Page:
GM Hopes New Cruze Controls Small Car Market

ANN ARBOR, Mich. (AP) — General Motors thinks it can finally sell a good small car. The company, which has a past littered with compact wrecks like the unsafe Corvair and rusty Vega, will roll out the Chevrolet Cruze in September — betting it can attract younger drivers and succeed in the most competitive segment of the worldwide auto market.

ANN ARBOR, Mich. (AP) — General Motors thinks it can finally sell a good small car.

The company, which has a past littered with compact wrecks like the unsafe Corvair and rusty Vega, will roll out the Chevrolet Cruze in September — betting it can attract younger drivers and succeed in the most competitive segment of the worldwide auto market.

GM owners may know that "nothing works like a Chevy truck," but the little Cruze is a big gamble.

"They can't afford to get it wrong," said Michael Robinet, an automotive analyst with CSM Worldwide in Michigan.

The Cruze follows another GM small-car flop, the Chevy Cobalt, which failed because it looks dated, is noisy, has a chintzy hard-plastic interior and doesn't perform as well as competitors. Americans bought just 105,000 last year, compared with about three times as many Toyota Corollas.

GM must also overcome history. Dating to the Corvair in the 1960s, its executives viewed small cars as money-losers because of low prices, high U.S. labor costs and American drivers' hunger for cheap gas and larger vehicles.

"They really haven't spent any time or money on these vehicles," said David Champion, senior director of Consumer Reports' auto testing department. The Cobalt, introduced in 2004, "came out trying to be competitive in that market but always languished behind."

That has to change if the Cruze is to help save GM.

Champion said the car must be as reliable as the Corolla or Honda Civic, the top-selling U.S. compacts. But dependability has been a problem. Consumer Reports gave its coveted Recommended Buy rating to only seven of 30 GM models in its April issue, mainly because of spotty reliability. No GM small cars got the label.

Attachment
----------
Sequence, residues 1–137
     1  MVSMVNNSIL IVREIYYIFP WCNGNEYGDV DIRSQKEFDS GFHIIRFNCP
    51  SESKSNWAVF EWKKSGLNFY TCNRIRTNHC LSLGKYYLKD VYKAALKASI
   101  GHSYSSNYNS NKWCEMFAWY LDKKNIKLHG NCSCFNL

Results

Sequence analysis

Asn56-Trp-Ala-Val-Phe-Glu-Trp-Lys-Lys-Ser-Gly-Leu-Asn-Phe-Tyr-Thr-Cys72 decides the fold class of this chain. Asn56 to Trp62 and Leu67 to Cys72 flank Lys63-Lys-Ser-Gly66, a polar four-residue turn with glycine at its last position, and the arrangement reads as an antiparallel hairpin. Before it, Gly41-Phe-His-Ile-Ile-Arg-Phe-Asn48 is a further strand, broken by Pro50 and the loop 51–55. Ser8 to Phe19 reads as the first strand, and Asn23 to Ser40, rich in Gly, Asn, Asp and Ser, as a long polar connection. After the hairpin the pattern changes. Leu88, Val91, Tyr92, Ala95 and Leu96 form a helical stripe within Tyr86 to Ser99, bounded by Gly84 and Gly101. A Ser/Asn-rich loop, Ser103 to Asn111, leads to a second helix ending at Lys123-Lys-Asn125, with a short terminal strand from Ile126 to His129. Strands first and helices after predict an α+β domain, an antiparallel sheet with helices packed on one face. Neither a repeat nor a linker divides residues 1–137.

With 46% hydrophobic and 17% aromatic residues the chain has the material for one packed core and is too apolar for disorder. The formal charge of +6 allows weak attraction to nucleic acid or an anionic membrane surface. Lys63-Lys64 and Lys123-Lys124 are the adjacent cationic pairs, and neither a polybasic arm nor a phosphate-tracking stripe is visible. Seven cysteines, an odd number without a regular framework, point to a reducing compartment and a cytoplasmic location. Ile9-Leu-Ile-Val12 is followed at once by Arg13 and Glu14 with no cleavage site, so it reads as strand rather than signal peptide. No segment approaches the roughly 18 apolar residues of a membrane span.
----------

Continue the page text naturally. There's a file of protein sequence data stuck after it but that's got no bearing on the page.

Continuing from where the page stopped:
Last month, on the final drive to check for problems before full-scale Cruze production starts, GM engineers were candid with a reporter about past compacts, saying they were mediocre because GM put controlling costs before all else.

As a result, GM missed the small-car boom last decade. Compacts and subcompacts grew from 21 percent of the U.S. market five years ago to 33 percent now. J.D. Power & Associates predicts that will rise to 35 percent by 2013. And small cars are even bigger overseas.

Yet GM drew only 8 percent of its U.S. sales from small cars last year, compared with more than 20 percent for Toyota and Honda.

When the Cobalt was in development in the early 2000s, GM set out just to make it competitive, not a market leader, said Wayne McConnell, a GM engineer in charge of vehicle performance. Ambitious sales targets and plans to attract new buyers were changed after cost estimates were tallied.

Customers noticed, bypassing Chevrolet for Corollas and Civics.

Yet engineers say the new GM leadership has figured out that there's only a small cost difference between mediocre and great. Now they can spend a little more to make a car better, as long as they work with parts companies to control costs. The new management, they said, has learned from recent new models that people will pay a little more for quality.